2. Serial dilution and plate count technique
3. Pour plate and spread plate technique
4. Membrane filter technique
5. Coulter Counter - counts cells as they disrupt an electric current flowing
across a detector
B. Indirect Method of Assessing Growth
1. Spectrophotometry
-based on transmittance or absorption of light
VII. Environmental Effects on Microbial Growth
A. pH adaptations
1. The pH Scale is based on the concentration of hydrogen
ions (H+)in solution
2. The pH range of most microorganisms is 6.0 to 8.0 pH
3. Most bacteria have a pH range between 6.5 to 7.5
4. Acidophiles are acid loving microbes that live in a acidic environment
5. Euglena mirabilis is an acidophile that can live in water with a pH = 1.0
6. Thermoplasma (Archaea) lives in an acidic environment of pH = 1.2-1.8
7. Alkalinophiles can live in alkaline soda lakes often at a pH = 10-11
B. Temperature Adaptations
Extreme hyperthermophiles live in hot springs and around deep sea
hydrothermal vents
The danger of microbial growth and food poisoning
C. Osmotic Pressure in a Hypertonic Solution
1. Halophiles- can live in a high osmotic environment
Halococcus (bacteria)
Halobacterium salinarum (Archaea)
2. Facultative halophiles- can live in an elevated osmotic environment
Staphylococcus aureus
D. Adaptations to High Pressure
1. Barophiles can survive in a high pressure environment
VIII. The Role of Oxygen
A. Oxygen, Free Radicals and Enzymes
1. Toxic forms of oxygen form free radicals
2. Free radicals are very dangerous and can have profound effects on
living things
-singlet oxygen is one of the reactive oxygen species, its electrons are
-superoxide radical (O2-) is negatively charge oxygen that readily forms
free radicals
3. Enzymes can nullify the effects of free radical oxygen
-superoxide dismutase can change superoxide radical
into hydrogen peroxide and oxygen- anaerobes lack this enzyme and
die in its presence
4. The peroxide ion (O22-) can cause free radicals to form
5. Catalase neutralizes the peroxide ion
Free Radicals and Enzymes
Superoxide free radicals: O2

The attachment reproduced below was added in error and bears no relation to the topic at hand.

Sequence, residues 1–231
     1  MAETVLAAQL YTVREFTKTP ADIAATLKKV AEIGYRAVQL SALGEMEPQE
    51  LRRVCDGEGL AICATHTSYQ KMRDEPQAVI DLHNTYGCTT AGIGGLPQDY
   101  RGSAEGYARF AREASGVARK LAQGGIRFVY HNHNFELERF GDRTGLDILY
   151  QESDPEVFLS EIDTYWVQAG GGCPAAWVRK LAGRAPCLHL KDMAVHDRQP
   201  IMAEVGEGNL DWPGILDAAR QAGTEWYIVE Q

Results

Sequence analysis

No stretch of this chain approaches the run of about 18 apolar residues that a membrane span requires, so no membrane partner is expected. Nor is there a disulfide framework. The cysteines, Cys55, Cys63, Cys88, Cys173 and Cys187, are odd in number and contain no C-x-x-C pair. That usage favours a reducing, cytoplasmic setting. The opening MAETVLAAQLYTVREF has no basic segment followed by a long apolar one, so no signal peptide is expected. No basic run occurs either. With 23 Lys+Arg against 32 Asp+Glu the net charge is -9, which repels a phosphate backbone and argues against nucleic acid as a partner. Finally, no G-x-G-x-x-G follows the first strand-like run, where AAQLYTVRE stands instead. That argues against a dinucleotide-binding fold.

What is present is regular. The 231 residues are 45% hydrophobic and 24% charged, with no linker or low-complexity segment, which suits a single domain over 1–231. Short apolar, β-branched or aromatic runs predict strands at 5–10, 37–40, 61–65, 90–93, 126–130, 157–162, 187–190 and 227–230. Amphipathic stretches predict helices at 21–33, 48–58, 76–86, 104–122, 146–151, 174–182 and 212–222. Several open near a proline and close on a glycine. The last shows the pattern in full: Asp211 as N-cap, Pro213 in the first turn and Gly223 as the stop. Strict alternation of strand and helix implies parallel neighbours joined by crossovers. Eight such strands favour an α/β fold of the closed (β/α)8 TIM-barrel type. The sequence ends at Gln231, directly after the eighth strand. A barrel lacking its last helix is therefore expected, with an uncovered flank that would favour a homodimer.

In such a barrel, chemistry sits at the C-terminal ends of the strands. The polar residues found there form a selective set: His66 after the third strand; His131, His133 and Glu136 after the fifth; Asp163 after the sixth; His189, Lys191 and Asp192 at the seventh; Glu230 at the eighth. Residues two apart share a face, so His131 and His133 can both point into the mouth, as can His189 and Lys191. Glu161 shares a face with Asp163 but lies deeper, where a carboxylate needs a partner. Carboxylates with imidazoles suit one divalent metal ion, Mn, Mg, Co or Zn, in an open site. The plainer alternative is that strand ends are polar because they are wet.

B. Oxygen Requirements of Microorganisms (Fluid Thioglycollate Media)
IX. Control of Microbial Growth
A. Factors Influencing the Effectiveness of Antimicrobial Treatments
1. Microbial population size
2. Environmental factors
3. Exposure time to antimicrobial agent
4. Microbial characteristics
X. Physical Methods of Microbial Control
A. Heat and Control of Microbial Growth
1. Thermal death point (TDP)
-lowest temperature at which all microorganisms are killed in 10 min
2. Thermal death time (TDT)
-minimal length of time for all bacteria in a solution to be killed in a
particular temperature
3. Decimal reduction time (DRT)
-time, in minutes, in which 90% of all microorganisms are killed at a given
B. Control of Microbial Growth
1. Boiling
-denatures proteins
-lethal to bacteria, fungi and viruses after 10 min but some spores
may take up to 20 hours to kill
2. Autoclave
-denatures proteins
-15 psi at 121 degrees C for 15 min
-sterilizes media, glassware, solutions, utensils, equipment
-an industrial autoclave is called a retort
3. Pasteurization
-denatures proteins
-classical method: heat to 63 degrees C for 30 min
-HTST- high temperature-short time: 72 degrees C for 15 sec
-UHT- ultra high temperature: involves heating milk or cream to
138°to 150° C for one or two seconds
4. Dry heat
-direct flame
-hot-air sterilization- heat in oven at 170 degrees C for 2 hours
5. Low temperatures
- refrigeration
-deep freeze
6. Lyophilization (cryodesiccation)
-freeze-drying process of a material and then reducing the
surrounding pressure and adding enough heat to allow the frozen
water in the material to sublime directly from the solid phase to gas
7. Filter sterilization
8. High pressure
-use in a vacuum to preserve the colors and flavors of juices
9. Desiccation
-removes water from microorganisms
10. Osmotic pressure
-causes plasmolysis in microorganisms
11. Radiation
-gamma and x-ray radiation
ionizing radiation that causes breaks in the DNA molecule
-UV radiation